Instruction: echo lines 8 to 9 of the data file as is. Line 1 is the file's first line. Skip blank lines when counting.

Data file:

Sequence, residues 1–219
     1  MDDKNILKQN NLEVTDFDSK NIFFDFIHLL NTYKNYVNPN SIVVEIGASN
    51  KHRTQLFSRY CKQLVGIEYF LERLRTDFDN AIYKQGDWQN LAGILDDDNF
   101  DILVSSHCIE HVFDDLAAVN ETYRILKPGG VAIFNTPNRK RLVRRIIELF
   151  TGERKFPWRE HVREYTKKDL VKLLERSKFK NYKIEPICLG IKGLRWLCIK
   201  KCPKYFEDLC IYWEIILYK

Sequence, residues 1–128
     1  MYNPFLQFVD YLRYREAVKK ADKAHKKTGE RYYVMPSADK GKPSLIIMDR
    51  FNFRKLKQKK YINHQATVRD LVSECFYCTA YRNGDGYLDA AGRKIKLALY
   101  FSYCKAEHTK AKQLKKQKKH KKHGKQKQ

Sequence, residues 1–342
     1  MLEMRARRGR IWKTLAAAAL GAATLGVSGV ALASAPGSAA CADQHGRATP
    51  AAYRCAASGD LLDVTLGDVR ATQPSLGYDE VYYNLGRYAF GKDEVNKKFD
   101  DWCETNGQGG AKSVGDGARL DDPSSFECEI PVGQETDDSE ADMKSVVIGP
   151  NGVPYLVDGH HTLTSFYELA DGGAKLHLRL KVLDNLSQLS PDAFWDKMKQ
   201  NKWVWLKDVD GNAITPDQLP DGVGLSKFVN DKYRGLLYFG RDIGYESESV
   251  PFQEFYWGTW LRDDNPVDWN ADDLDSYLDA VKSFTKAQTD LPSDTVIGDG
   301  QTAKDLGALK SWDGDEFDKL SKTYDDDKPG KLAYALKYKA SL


     1  MYNPFLQFVD YLRYREAVKK ADKAHKKTGE RYYVMPSADK GKPSLIIMDR
    51  FNFRKLKQKK YINHQATVRD LVSECFYCTA YRNGDGYLDA AGRKIKLALY